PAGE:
This article is based on the writer’s own personal opinion. You are allowed to disagree.
I’ve always had an appreciation for Nintendo Directs. They are a really unique and fun way of delivering news on upcoming content that not a lot of other companies have tried doing before. Whenever I tune in to one of the shows, that tend to go on for 20 to 40 (or even over 50!) minutes at a time, it’s a real treat to see something new and different, and even something as simple as receiving updates on an upcoming game I already know about is something I truly appreciate. The format of Nintendo Direct makes delivering news and updates seem much more exciting than usual, which is why I always make sure to tune in to each one to see what it has in store for me.
And yet, whenever a new Direct comes and goes, there’s always an undercurrent of disappointment that comes and goes along with it. With each passing day until a Direct or other media event happens, people tend to come up with the craziest wish lists imaginable and fantasize about how their own personal dreams and wishes will play out. Then, when the Direct arrives and some (or all) of these wishes aren’t fulfilled, these fans turn to moaning and complaining about how nothing in the Direct goes as they envisioned in their heads. Even minor details like a previously announced game not being mentioned or the announcement of a game that doesn’t strike their fancy is enough to incite plenty of grumbling from some of Nintendo’s biggest fans.
I myself am no stranger to this particular feeling, having been soured by a game’s absence or a certain game announcement before. But in these times of crushed hopes and bitter disappointment, I usually have to remind myself about a certain philosophy that I’ve taken to heart whenever I watch a Nintendo Direct that I feel could help a lot of other people from feeling let down after a Direct is over.
The answer isn’t to have realistic expectations, although there are many, many cases in this world where having realistic expectations can save you a lot of heartache. Rather, the best advice I could give to anyone when watching a Nintendo Direct is quite simply to expect nothing.
This isn’t meant to sound pessimistic or to assume I’m saying, “expect nothing shown to be any good;” this advice is tailor-made for expectations themselves. Nintendo has a real knack for making highly imaginative, unique, and creative games, and it’s no wonder why decades’ worth of high-quality titles would inspire generations of fans to have high expectations for anything they decide to make. But it’s because of how high these expectations are that there will inevitably be a situation where someone will feel let down because a product failed to meet their own expectations or ideas of what that product would be like. In the case of Nintendo Direct, what ends up happening is that people keep making up these insane fantasies for every possible game that could be announced or elaborated on, and then they complain whenever the Direct doesn’t go exactly as they wanted it to.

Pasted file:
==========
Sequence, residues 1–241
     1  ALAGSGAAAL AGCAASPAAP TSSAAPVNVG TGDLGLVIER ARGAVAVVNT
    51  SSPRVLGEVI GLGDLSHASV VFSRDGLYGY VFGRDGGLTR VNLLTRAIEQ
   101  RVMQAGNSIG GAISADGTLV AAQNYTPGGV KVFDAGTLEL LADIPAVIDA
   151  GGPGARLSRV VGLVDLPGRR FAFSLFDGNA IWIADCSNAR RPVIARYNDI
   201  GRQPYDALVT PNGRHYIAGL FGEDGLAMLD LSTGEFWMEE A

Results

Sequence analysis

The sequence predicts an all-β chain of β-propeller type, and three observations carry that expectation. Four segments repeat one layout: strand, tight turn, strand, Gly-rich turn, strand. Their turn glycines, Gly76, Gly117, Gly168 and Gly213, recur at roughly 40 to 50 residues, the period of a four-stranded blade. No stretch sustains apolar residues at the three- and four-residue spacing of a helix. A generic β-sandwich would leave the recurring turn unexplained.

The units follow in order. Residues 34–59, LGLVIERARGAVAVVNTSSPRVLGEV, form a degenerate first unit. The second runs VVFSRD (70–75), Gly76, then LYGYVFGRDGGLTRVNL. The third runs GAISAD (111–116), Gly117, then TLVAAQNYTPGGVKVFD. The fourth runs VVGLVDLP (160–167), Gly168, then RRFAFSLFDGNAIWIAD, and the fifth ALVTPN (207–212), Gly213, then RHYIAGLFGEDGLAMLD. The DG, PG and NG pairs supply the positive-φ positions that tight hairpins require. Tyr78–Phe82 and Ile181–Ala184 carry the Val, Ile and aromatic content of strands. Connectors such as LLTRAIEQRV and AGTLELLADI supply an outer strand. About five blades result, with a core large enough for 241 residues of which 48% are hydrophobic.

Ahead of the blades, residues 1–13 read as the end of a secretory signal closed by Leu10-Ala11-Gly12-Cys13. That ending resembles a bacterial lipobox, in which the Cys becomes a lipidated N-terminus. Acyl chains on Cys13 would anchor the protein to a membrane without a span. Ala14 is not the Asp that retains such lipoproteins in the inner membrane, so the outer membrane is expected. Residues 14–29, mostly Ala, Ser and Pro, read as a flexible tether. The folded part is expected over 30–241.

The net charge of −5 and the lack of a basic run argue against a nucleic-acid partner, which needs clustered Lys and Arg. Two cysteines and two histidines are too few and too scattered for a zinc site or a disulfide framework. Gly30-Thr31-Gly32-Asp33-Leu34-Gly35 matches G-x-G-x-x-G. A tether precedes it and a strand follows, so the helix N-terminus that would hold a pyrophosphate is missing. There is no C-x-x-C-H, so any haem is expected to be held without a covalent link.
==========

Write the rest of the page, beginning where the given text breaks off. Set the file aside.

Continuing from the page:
It’s why it’s all the more important to not have these expectations in the first place, in my opinion. By eliminating all expectations from your mind, it’ll allow you to enjoy watching a Nintendo Direct with a much clearer mind, as you won’t constantly be worrying about “when are they gonna talk about X game or announce something new” all the time. Then whenever something does come up during a Direct, it’ll make it easier on you to give a reaction to it, because it’s something you weren’t inherently expecting. And as a bonus, if you happen to like the thing you weren’t expecting, you’ll have a much more positive impression of how the Direct went overall.
If you want an example of what I’m talking about, there have been several examples of unexpected games appearing during a Nintendo Direct or other media-briefing event that have surprised and excited many people before. Just look at the January 2013 Direct when Shin Megami Tensei x Fire Emblem was first announced (and later went silent before morphing into Tokyo Mirage Sessions #FE, but that’s another story), or when Splatoon made its debut during the 2014 Digital Event, or how Kirby: Planet Robobot got everyone excited in the March 2016 Direct. It’s because those games were so unexpected that people were able to accept their existence more easily, and in turn, people started to get excited for them. When you eliminate the barrier of expectations and wild dreams that can get in the way of seeing what a Direct has to offer, often what a Direct actually will have will have an easier time being accepted by the audiences that regularly tune in.
Again, though, it’s possible that this advice won’t work for everyone, likely because you can have no expectations and still be disappointed in how a Direct was handled. And that’s fine; I’m plenty familiar with the feeling. But at the same time, having no expectations is what keeps us grounded in reality and prevents our brain from skyrocketing to the moon with all the fantasies it can dream up. The allure of Nintendo Direct can make that line of thinking real difficult, but trust me when I say you’ll ultimately be better off when you watch a Direct and expect nothing.
Mains: Yoshi (64), Game and Watch (Melee), Wario (Brawl), Wario/Pac-Man (Smash for 3DS/Wii U)